ACS BUYOUT APPEARS LIKELY
It appears the days of Peridot owning shares of Affiliated Computer Services (ACS) may be coming to a close. Rumors have been swirling in recent weeks that the company is up for sale, with a long list of private equity firms in on the bidding process. Reports have pegged potential price tags in the range of $62 to $65 per share.
While a deal seems likely, I am really hoping to get close to $65, as my fair value calculation nets a $66 price objective. Since rumors have been out there, but no deal is in place, ACS has drifted down a couple of points to its current $60 quote.
For short term players looking to make a few points on the announcement, a deal could be announced as early as Monday, and I would speculate that the odds of one falling apart completely are no more than 25%. Even if no buyer emerges, ACS stock trades 10% below what I think it’s ultimately going to be worth later this year.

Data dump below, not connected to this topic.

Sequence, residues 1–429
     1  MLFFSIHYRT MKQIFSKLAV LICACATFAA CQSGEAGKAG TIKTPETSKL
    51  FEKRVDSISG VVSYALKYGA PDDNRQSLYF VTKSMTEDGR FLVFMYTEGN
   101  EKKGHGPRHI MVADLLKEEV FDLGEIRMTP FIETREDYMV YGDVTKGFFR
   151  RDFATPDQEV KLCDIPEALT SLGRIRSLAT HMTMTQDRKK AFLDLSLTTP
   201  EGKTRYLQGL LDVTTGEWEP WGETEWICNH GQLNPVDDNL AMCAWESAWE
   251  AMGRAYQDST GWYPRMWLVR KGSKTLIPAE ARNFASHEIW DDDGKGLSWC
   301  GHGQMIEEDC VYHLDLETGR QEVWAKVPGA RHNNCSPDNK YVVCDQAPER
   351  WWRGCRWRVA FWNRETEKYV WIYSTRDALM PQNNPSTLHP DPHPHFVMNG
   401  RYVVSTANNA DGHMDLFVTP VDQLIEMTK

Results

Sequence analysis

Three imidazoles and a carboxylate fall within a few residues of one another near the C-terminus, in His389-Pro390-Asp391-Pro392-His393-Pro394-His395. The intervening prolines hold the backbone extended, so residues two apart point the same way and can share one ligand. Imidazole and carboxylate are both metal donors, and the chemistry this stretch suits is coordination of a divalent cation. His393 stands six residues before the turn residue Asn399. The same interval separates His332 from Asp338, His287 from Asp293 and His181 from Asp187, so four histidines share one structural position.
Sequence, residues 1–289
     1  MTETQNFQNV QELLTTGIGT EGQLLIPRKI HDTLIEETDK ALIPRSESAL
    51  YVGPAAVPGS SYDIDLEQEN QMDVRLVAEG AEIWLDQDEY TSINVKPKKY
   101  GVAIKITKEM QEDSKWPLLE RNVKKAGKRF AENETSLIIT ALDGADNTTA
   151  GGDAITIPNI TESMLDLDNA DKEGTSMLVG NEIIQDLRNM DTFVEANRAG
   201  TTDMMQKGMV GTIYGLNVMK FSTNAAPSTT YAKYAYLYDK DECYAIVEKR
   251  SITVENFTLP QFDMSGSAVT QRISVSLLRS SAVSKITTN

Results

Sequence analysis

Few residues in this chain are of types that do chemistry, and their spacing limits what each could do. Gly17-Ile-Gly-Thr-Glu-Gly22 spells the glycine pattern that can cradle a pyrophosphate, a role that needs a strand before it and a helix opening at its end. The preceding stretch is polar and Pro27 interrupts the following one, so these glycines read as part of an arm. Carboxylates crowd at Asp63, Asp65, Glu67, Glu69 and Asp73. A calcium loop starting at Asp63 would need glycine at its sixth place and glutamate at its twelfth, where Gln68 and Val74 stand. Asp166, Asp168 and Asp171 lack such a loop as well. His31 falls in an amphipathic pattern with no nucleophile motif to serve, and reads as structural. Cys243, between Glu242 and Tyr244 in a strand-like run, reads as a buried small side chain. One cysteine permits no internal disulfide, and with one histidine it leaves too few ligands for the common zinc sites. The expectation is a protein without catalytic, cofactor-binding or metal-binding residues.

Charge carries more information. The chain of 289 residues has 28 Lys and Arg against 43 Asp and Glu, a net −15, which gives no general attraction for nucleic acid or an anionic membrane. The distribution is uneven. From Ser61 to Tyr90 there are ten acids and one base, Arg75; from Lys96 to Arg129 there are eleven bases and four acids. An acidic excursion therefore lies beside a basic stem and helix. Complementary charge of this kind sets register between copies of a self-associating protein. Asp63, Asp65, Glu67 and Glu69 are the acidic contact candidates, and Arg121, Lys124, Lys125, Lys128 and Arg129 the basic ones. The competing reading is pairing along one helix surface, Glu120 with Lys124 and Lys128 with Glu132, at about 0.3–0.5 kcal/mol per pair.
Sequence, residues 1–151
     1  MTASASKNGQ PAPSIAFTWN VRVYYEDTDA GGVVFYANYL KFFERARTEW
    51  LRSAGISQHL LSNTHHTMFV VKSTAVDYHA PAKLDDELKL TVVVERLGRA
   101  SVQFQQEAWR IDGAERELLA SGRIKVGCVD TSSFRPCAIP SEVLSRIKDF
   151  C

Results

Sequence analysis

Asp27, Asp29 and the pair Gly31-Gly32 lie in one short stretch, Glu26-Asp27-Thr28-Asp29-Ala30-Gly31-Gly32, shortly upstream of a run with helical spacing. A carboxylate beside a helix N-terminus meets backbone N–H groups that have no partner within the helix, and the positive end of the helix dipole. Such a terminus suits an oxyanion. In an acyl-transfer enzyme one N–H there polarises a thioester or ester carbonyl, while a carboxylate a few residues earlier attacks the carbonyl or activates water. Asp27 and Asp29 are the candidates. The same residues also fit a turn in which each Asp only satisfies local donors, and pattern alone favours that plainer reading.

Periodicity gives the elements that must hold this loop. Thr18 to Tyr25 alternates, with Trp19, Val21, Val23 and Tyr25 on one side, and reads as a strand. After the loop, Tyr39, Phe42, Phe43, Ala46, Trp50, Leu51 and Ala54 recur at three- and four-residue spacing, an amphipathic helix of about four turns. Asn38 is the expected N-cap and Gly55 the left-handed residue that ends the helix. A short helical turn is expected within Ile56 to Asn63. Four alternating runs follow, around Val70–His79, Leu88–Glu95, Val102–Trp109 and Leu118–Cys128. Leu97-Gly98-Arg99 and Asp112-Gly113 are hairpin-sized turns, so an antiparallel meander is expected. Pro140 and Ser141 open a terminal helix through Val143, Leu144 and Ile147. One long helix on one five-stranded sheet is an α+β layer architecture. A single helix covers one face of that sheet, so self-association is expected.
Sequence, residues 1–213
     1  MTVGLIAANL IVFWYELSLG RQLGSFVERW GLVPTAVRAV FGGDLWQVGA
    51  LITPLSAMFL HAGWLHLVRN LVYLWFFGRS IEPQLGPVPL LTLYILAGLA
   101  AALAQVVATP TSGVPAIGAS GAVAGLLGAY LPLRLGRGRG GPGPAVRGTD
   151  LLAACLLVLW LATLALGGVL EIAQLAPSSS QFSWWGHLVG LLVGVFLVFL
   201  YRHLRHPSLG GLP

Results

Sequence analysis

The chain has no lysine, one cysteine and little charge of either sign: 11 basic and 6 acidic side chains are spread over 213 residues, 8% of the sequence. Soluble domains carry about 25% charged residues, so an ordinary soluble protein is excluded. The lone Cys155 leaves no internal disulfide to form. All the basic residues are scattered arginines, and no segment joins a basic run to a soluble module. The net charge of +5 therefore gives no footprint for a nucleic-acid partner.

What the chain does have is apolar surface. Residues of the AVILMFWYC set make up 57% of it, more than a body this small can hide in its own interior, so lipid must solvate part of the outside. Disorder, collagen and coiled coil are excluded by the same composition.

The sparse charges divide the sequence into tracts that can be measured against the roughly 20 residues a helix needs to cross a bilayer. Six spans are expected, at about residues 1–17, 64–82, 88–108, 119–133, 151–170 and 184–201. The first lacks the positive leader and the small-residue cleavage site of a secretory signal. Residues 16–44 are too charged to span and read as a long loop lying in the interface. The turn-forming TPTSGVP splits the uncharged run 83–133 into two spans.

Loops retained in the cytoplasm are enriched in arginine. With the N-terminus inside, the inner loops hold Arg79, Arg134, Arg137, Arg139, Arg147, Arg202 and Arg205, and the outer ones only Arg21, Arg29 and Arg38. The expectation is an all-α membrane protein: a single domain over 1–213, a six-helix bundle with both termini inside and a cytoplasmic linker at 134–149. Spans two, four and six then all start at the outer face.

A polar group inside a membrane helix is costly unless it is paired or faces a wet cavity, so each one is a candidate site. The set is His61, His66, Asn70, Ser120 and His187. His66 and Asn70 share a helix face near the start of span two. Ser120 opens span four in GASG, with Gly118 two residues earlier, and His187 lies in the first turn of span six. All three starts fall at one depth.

NETWORK APPLIANCE RALLY GETTING FROTHY
I was selling shares of Network Appliance (NTAP) into yesterday’s strength as the shares jumped as much as $4 (13%) to $34.49 per share. Evidently, rumors of an IBM (IBM) buyout offer were swirling, which led to an upside breakout.
Even though I am very bullish on NTAP’s business prospects, and an IBM bid could very well send the stock even higher, I don’t think the odds of a buyout are very high. On top of that, with the stock at $34 per share, it’s hard for me to justify much upside to the stock without such a deal.
Estimates for 2006 currently stand at about $0.85 per share. That’s a very high multiple, even with the company’s 25% growth rate and solid balance sheet. For me, the risk/reward trade-off at these lofty levels has lost its luster, at least for now.